Swedish Christmas Past in Skansen

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Skansen, Stockholm, Sweden

When I was about 14 years old, I went to a Carl Larsson exhibition at the V&A Museum in London and ever since then I’ve had this obsession with his Sweden.  One of the images I’ve always liked was of his daughters dressed in a long white gown, wearing a crown of lit candles.  This shows the traditional celebration of St Lucy’s Day – St Lucy, blinded during her martyrdom, is the patron saint of light.

On the 13th December, the shortest day in the Julian calendar, St Lucy is celebrated by having the eldest daughter in the family wear a crown of candles and bring sweet treats and a warming drink to the others in the household.

These days, there are also public processions and events at schools, so the tradition of dressing up just like Carl Larsson’s daughter over a hundred years ago is still going strong.

This is why our Stockholm trip was planned to coincide with spending St Lucy’s Day in Skansen, which is itself an iconic Swedish institution.  It’s the world’s oldest open-air museum and celebrates traditional Swedish culture, with houses and farmsteads brought in from around the country and preserved as time-capsules of history.  They have a number of events celebrating St Lucy’s Day and I wanted to go to one of the church services to see a row of singing St Lucys, their crowns all aglow with real candles.

But somehow, we got so caught up with everything else that we missed it.  So much for my planning.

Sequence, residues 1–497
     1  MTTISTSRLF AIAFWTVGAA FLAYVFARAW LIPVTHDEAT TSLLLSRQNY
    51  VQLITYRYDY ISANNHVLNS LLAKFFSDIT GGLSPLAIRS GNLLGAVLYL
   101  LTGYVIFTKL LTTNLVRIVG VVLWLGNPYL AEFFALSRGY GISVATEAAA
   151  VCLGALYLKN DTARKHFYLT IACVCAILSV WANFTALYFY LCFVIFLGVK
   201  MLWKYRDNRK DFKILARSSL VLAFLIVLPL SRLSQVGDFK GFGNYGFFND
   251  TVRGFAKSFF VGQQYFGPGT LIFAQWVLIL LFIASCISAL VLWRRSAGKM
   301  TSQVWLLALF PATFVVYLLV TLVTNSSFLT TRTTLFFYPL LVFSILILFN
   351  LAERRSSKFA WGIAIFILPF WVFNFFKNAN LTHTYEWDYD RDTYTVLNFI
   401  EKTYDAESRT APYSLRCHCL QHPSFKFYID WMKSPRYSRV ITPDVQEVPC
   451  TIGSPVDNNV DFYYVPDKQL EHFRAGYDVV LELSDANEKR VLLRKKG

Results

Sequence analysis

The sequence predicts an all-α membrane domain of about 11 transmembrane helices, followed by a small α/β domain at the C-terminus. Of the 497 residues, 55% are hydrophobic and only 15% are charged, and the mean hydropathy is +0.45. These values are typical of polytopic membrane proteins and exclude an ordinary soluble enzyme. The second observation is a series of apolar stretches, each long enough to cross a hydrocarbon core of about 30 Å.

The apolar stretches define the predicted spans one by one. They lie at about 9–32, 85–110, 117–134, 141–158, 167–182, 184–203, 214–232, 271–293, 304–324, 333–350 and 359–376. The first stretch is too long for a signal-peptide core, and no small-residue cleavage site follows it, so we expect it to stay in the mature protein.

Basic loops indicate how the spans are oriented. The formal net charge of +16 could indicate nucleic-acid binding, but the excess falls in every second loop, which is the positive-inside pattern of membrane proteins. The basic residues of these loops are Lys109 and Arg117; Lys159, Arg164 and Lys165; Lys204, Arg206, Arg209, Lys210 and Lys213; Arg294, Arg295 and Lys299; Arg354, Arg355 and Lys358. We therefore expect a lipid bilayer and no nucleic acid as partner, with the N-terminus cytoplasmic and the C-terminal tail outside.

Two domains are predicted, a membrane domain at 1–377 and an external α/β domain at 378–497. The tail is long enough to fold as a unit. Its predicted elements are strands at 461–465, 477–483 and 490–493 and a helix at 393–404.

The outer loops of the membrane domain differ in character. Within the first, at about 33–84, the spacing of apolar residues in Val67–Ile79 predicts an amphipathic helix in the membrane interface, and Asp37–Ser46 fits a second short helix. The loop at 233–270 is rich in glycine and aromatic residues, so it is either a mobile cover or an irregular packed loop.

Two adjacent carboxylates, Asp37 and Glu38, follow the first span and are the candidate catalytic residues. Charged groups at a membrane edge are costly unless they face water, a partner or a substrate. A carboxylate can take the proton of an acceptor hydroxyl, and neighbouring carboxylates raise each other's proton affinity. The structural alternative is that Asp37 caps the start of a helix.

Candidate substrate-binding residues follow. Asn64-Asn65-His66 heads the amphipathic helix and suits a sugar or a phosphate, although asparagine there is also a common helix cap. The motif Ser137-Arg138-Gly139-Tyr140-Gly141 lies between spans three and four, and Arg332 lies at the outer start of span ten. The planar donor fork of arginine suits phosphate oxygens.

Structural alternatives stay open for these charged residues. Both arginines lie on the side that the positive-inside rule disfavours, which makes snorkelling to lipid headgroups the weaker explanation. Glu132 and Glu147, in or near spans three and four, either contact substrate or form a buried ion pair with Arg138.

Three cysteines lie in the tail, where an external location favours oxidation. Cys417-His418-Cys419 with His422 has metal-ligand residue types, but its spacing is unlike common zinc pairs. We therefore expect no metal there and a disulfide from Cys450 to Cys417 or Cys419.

Christmas is a great time of the year in Scandinavia.  They have such cute Christmas traditions it’s just all too adorable – with the snow and the decorated trees and the elves and the smell of mulled wine, it’s just so magical you want to box it up and keep it forever.  If we’d visited Skansen at a weekend, the Christmas Market would have been open, but perhaps its closure was a good thing for me and my uncontrollable Christmas-shopping habits.  As it was, there was a gloriously Christmas-y vibe throughout Skansen because many of the buildings that were open to visit were styled to demonstrate the Christmases of various periods past.

The experience starts with Skansen’s old Town Quarter, which is a little Swedish stereotype, full of red wooden buildings and cobbled streets.  The first building of note is a 1930s Glassworks where you can watch the manufacturing – though we couldn’t because they were filming in there.  You can buy what they make, and the shop was filled with intricate, as well as gaudy, glass items.

Going down the hill from there, you come to a Furniture Factory (Snickerifabriken), which was originally from Virserum in Småland.  The building itself is from 1897/8, but the machines are still in place from the 1920s, a period that sealed the destiny of the Swedes: for not only did they start mass producing furniture, but they sold oak, birch and elm furniture by mail order!  Småland became the centre of this trade and in the early 20th century, there were twenty small factories in Virserum itself.  That’s a lot of furniture being mailed around the country.

Opposite the Snickerifabriken are the Engineering Works (Mekaniska verkstaden), which were founded in 1889.  From the 1870s onwards, farms and factories become more mechanised and needed new tools and machines.  Iron-making technology was able to keep up with demand thanks to steam power, and later electricity, and some of the machines on show in the works produced lathes, drills and milling machines.  It’s lovely to think that little factories like this helped the progress of the whole country.